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Thoughts On Bruce Springsteen’s The River Tour 2016 Tour Opener In Pittsburgh

Posted on 18 January 2016 by Caryn Rose (0)
thank you so much danny clinch for blocking my view all night

DOWN IN FRONT

Also see my tour previews in Salon and the Village Voice (link coming)

I went on record on Twitter during the show stating that Saturday night in Pittsburgh was one of the strongest tour openers in years, and an overall fantastic performance, especially of The River. I stand by that now, even later. I literally do not have enough superlatives to apply to what was a first-night-of-the-tour performance, or in fact any performance. When great bands rehearse, it only helps them, and this was so clearly visible on Saturday. It also takes pressure off of Bruce, because he’s less worried about leading the band, and that lets him apply his energies towards the performance.

I remain utterly blown away at “Point Blank.” If Bruce had said in any pre-tour interviews that they had created some enhancements to the arrangements of some songs, I would have likely blown a gasket. Instead, they just showed up and played it and it was phenomenal. I am conscious of spoilers for those waiting to see shows but these small touches, which are not any different to how things transformed as they were performed over the course of time back in 1980, are valid and will not damage anyone’s memories or expectations. “Stolen Car” was masterful. “Crush On You” was an absolute delight. I even enjoyed “You Can Look” which is honestly not one of my favorite songs on the record. I was thrilled to see something like ‘Here She Comes Now’ added to “I Wanna Marry You” (which was another standout performance)–this is the kind of thing the people who have followed Bruce for a long time will especially appreciate, along the lines of the revival of “Prove It ’78”. NOW GIVE ME ‘ONCE UPON THE TIME IN THE WEST’ BEFORE ‘THE RIVER,’ PLEASE. Or even “No Money Down” before “Cadillac Ranch.” I don’t need all of them in the show (but WHY NOT?), but I hope they are rotated in and out.

I am utterly defeated at the lack of outtakes after we were promised outtakes. And I am not looking for a full band “Mr. Outside” (although it would be HILARIOUS), but “Roulette”? “Where The Bands Are”? “Restless Nights?” “Be True?” I realize the Bowie tribute took one slot but we couldn’t have traded DITD for one of those? One outtake to open the show (and it is a barnburner of a moment) does not “the best of our outtakes” make.

I was personally glad to see the album performed again without morons talking nonstop through the performance as they did at MSG in 2009. There were still some egregious offenses, even down on the floor a couple of rows from the second barricade. Let me please shame them publicly:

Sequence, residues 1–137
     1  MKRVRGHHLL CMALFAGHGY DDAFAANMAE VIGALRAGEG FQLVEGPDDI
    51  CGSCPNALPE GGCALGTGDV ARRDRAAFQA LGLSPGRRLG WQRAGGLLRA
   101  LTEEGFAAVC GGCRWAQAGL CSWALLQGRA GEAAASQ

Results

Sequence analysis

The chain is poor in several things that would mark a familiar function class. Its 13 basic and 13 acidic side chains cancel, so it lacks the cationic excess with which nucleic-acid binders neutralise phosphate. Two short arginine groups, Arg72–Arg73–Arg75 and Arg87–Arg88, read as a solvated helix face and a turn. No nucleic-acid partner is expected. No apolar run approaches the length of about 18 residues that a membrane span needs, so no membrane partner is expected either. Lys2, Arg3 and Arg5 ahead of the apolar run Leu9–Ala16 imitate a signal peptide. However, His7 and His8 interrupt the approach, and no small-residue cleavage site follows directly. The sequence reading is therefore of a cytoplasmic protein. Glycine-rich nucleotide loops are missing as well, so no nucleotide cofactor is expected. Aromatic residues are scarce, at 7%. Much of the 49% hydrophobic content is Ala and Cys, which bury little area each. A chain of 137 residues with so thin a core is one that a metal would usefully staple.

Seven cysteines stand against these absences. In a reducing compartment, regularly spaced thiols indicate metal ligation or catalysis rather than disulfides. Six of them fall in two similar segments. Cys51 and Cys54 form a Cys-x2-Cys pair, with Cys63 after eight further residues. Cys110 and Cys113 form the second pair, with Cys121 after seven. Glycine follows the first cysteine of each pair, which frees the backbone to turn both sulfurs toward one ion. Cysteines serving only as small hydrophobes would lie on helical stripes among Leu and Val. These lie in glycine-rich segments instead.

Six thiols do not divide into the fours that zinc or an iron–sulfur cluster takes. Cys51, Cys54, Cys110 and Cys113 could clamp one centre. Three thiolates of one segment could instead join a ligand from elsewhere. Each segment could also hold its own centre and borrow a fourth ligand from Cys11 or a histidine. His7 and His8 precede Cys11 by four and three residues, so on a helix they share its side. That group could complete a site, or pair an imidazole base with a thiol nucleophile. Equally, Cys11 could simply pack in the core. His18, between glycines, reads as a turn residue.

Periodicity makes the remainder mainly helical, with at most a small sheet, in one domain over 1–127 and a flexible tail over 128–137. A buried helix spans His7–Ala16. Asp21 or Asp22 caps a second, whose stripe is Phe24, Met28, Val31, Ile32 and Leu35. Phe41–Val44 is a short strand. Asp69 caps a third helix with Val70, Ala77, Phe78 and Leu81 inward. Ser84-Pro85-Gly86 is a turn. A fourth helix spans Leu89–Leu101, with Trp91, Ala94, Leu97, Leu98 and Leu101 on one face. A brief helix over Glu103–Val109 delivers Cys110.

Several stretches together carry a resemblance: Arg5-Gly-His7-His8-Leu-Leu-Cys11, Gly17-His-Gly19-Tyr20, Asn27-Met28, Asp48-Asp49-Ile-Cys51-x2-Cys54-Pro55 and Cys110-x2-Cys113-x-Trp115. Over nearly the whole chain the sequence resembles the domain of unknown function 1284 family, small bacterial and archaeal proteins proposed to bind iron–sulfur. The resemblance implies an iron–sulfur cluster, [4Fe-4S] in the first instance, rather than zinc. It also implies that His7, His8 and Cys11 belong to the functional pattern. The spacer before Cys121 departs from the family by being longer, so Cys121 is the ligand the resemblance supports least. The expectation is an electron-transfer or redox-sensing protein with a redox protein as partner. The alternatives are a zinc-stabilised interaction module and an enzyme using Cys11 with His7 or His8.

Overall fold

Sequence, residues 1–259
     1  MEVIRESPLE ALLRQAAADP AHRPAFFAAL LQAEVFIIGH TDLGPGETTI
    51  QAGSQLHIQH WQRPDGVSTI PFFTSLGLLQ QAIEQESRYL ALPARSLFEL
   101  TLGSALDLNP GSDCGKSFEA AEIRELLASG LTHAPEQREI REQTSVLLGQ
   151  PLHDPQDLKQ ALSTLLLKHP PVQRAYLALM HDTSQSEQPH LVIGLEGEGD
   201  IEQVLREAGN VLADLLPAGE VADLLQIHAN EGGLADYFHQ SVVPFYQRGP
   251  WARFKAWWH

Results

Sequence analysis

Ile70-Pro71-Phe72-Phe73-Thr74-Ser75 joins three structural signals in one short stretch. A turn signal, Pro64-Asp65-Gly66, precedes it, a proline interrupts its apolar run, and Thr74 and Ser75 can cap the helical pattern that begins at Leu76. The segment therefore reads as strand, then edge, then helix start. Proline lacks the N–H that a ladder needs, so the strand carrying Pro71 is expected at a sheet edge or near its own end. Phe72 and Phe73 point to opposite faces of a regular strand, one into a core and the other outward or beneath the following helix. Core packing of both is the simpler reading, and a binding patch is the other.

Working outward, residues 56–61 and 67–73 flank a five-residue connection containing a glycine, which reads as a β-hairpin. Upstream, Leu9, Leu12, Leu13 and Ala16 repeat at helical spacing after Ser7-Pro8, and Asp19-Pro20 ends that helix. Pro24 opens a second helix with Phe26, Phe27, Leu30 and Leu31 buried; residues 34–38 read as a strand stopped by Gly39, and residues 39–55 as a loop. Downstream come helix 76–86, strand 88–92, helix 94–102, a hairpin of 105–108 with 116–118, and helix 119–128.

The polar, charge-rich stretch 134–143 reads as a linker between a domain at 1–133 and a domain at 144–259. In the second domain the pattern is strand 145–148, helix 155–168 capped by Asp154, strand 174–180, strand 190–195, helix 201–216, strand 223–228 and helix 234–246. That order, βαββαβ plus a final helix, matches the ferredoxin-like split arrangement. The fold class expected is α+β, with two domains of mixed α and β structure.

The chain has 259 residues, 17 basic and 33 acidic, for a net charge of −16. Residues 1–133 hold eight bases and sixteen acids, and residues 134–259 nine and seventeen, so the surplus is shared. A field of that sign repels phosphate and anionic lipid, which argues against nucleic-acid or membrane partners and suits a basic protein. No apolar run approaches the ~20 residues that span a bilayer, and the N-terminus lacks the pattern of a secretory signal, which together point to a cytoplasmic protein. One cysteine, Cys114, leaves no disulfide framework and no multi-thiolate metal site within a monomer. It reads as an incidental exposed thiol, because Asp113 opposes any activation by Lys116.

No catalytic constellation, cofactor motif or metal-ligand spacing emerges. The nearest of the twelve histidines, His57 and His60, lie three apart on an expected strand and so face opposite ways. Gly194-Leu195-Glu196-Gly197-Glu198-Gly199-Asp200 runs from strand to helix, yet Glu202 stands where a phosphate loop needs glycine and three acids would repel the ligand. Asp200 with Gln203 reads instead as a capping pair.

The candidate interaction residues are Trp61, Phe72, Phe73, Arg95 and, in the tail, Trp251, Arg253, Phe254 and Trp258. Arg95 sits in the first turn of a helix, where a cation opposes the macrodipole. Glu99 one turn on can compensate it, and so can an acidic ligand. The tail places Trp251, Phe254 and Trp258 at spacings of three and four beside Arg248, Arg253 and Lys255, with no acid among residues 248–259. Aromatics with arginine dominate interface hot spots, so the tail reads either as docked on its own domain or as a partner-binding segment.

INDEPENDENCE DAY. Dude #1, loudly: “I NEVER THOUGHT MUCH OF THIS SONG.” Dude #2: “YEAH, ME EITHER.”  Thank you, oh great men, for sharing your weighty opinion with everyone standing near you, some of whom may never have seen the song played live. We are so privileged to hear your thoughts. (I didn’t say it, but I thought it later.)

STOLEN CAR. Props to the guy behind me who yelled, “Play the Tracks version.” Of course, as my associate Mr. Radecki pointed out, the very introduction to the song on Saturday explained why he’ll never play the Tracks version. This song was a definite chat trigger, but at least standing amongst people who cared enough to queue in the cold for hours ensured that a pointed look regained silence.

THE RIVER. Woman behind me screams the lyrics, which usually I give a free pass to–it’s a concert–except that she did not know the words, and kept getting them wrong. It’s “I got a union card and a wedding coat,” not “wedding ring.” This would be forgivable except that she then announced that “Point Blank” was her favorite song of all time. She also did not know the words to that, and had begun a Garth & Kat-like yelled mumble, but was thankfully defeated after the first line.

I don’t know what this will be like in the stands. Pittsburgh, to their credit, really hung in there with Bruce, and there were not endless exoduses up the aisle for beer and similar until “Wreck On The Highway,” by which point it was hard to take much issue. But those of us who were at the Garden in ’09 had a much different experience (and I wasn’t all that far from the stage). It will be interesting to see how Bruce manages crowds that are less interested in paying attention, because he can’t just call an audible and switch to something else.